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Hong Kong high-speed rail

How Hong Kong democrats’ filibustering plan on joint checkpoint motion backfired

Albert Cheng says Eddie Chu’s move to have the media withdraw from Legco clearly arose from pan-democrats’ desperation over immigration co-location plans, but they should ask themselves if losing the moral high ground on press freedom was worth it

PUBLISHED : Thursday, 16 November, 2017, 5:27pm
UPDATED : Thursday, 16 November, 2017, 7:18pm

Speaking at a forum titled “The country and Hong Kong”, former chief executive Leung Chun-ying said: “There is an act that is illegal anywhere anytime – which is murder, and it will receive the harshest punishment. But there is an exception … [it] is not illegal to kill someone in the name of the country.”

One of Leung’s most significant services to Beijing was the disqualification of six lawmakers. This has disempowered the pro-democracy camp, as they are no longer able to exercise their veto. Since Legislative Council meetings resumed, pan-democrats have been undermined by the pro-establishment side, which is also planning to change the rules of procedure, to curb their opponents’ filibustering tactics.

The despairing pan-democrats had no choice but to stand their ground and fight back. Even the mildest member exhausted all means at their disposal to delay the passing of the non-binding motion on the co-location arrangement at the express rail link’s West Kowloon terminus. They had hoped to drag out proceedings until the by-elections next March, when they might have stood a chance to regain their veto power. However, the motion was passed at the Legco meeting on Wednesday.

Four more make it six for disqualified Hong Kong lawmakers

The filibuster battle of the past few weeks revealed Eddie Chu Hoi-dick as the lawmaker undoubtedly most familiar with the rules of procedure. He deployed a rare tactic, citing Article 54(4) of the rules, which had not been used since 1997. He put forward a motion proposing that the Banking (Amendment) Bill 2017 not be sent back to the House Committee; and that the Legco general council review the bill at that particular meeting instead. This was to block the start of the motion debate on the joint checkpoint arrangement.

The unexpected move worked well and stalled the Legco meeting for hours. However, Chu did not stop there. After that, he cited Article 88(1), which states a lawmaker can request that members of the press and public withdraw from the chamber. The pro-establishment camp and the government were caught completely unprepared for this. Hence, the co-location motion was not passed in the two Legco meetings.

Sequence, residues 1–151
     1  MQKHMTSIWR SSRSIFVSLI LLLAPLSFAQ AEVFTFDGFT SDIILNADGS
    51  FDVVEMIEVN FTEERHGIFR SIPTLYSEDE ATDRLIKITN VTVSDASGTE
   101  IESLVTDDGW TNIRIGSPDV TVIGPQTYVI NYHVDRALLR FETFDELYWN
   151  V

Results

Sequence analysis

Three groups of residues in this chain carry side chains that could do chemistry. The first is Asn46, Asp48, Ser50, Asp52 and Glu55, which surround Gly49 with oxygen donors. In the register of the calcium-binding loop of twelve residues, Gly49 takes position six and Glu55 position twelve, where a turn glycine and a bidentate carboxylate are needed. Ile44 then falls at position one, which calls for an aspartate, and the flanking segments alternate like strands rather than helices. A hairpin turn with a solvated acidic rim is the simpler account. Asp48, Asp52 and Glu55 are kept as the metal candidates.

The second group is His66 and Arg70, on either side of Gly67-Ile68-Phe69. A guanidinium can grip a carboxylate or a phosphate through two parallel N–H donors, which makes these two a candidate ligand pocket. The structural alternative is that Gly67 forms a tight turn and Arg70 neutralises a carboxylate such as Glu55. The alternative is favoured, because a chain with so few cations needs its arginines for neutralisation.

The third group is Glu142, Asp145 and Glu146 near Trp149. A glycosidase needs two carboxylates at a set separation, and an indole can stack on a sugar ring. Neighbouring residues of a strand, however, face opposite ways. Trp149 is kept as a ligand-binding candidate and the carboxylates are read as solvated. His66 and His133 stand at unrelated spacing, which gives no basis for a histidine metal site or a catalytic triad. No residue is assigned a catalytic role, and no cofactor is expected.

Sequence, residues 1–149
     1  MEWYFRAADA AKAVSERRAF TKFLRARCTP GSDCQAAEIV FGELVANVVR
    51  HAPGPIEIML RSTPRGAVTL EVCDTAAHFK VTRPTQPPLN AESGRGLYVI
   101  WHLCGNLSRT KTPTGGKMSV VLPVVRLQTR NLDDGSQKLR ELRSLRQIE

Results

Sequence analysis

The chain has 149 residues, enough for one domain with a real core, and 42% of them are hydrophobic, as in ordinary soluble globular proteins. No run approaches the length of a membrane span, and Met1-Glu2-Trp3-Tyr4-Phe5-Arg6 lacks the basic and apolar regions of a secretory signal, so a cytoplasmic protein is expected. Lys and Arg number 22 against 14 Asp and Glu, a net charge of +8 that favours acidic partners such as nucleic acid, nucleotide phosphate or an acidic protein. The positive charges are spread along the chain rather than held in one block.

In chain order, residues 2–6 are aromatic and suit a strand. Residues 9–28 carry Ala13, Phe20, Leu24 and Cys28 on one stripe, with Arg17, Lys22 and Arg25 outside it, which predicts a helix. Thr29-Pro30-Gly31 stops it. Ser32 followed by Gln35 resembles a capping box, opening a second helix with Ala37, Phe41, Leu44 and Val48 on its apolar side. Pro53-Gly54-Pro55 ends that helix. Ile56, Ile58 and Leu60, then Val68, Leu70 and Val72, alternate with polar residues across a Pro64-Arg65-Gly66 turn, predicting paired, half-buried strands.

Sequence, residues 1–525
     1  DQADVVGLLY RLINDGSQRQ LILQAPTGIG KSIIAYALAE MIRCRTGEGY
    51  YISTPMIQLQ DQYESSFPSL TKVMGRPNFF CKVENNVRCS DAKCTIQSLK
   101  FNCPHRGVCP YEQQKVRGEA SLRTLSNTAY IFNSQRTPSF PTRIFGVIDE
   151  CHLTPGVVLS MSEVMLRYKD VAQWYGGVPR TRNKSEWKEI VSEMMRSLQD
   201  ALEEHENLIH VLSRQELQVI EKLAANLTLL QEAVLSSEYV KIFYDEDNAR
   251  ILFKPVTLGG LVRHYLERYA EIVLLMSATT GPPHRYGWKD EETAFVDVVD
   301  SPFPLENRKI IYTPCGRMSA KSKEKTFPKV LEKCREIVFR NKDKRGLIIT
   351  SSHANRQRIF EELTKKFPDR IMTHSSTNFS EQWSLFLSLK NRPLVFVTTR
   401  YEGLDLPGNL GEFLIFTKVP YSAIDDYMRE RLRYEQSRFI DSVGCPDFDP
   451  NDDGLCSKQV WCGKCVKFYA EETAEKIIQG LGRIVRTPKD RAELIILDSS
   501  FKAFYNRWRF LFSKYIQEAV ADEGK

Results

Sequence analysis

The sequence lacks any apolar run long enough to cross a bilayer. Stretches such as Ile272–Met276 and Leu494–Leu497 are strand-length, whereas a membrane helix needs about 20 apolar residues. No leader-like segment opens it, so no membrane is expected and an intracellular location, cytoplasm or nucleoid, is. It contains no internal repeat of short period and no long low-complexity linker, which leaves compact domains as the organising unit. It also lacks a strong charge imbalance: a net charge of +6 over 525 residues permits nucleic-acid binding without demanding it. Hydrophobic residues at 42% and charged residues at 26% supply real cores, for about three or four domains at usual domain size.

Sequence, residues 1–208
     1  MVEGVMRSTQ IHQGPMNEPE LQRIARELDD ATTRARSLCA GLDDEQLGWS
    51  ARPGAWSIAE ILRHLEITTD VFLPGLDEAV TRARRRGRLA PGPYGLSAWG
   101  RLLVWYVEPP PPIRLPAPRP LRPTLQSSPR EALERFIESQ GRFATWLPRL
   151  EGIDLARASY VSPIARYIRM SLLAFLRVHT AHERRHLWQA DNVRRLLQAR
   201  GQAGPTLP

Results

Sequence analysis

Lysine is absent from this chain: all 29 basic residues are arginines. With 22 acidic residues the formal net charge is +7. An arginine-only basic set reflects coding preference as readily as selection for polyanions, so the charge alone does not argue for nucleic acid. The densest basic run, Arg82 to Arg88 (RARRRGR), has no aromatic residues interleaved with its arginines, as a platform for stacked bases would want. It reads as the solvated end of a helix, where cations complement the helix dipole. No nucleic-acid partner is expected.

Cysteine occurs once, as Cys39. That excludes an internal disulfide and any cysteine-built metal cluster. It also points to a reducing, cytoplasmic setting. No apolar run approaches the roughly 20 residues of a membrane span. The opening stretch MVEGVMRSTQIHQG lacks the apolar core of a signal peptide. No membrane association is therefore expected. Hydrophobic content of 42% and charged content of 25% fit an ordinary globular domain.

Express Rail Link: “co-location clearance, one-stop convenience”

Legco debate on joint rail checkpoint adjourned after meeting descends into chaos

However, Chu’s move came at a price. The Hong Kong News Executives’ Association (HKNEA), which has already submitted to the government, issued a statement about his action, saying it was destructive to press freedom. Despite the understandable motive behind Chu’s request, the Hong Kong Journalists Association, seemingly having no choice, expressed disappointment at the move.

Regardless of the hypocritical mainstream media, Chu has made himself look bad

However, pro-establishment mainstream media associations like the HKNEA are all hypocrites. When it really mattered, they have never spoken up for freedom of the press and free speech. Some have even censored sensitive news that portrayed the government in a bad light. And they failed to support calls to grant online media (those without a print edition) access to government press conferences and press releases.

However, regardless of the hypocritical mainstream media, Chu has made himself look bad, as what he did was undoubtedly against the principle of the Basic Law. It would now be difficult for him to take the moral high ground, and exercise his power as a lawmaker to criticise and monitor the government’s actions. Such a double-edged sword should not have been swung, unless it had been at a critical moment. With regard to this non-binding motion, Chu’s move only served to delay the meetings; it did not turn the tide.

The most destructive and powerful tactic should always be saved for last. Now that this new strategy has been revealed, it is very unlikely that the pan-democrats will be able to use it again, as the pro-establishment camp will not be fooled twice.

The pan-democrats should give serious thought to whether Chu’s tactic was the best approach, given that it appeared to undermine freedom of the press and speech.

Everyone needs to remain on high alert during political struggles. Strategies must not be used freely without serious and thorough consideration, and a clear line of follow-up action.

Albert Cheng King-hon is a political commentator. taipan@albertcheng.hk